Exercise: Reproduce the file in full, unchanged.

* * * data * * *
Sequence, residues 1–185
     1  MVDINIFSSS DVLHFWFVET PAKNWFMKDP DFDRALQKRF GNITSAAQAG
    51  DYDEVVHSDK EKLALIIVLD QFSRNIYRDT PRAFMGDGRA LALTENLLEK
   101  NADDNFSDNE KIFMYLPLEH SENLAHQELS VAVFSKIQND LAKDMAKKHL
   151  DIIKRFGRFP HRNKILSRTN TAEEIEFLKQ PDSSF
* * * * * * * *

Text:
Sequence, residues 1–185
     1  MVDINIFSSS DVLHFWFVET PAKNWFMKDP DFDRALQKRF GNITSAAQAG
    51  DYDEVVHSDK EKLALIIVLD QFSRNIYRDT PRAFMGDGRA LALTENLLEK
   101  NADDNFSDNE KIFMYLPLEH SENLAHQELS VAVFSKIQND LAKDMAKKHL
   151  DIIKRFGRFP HRNKILSRTN TAEEIEFLKQ PDSSF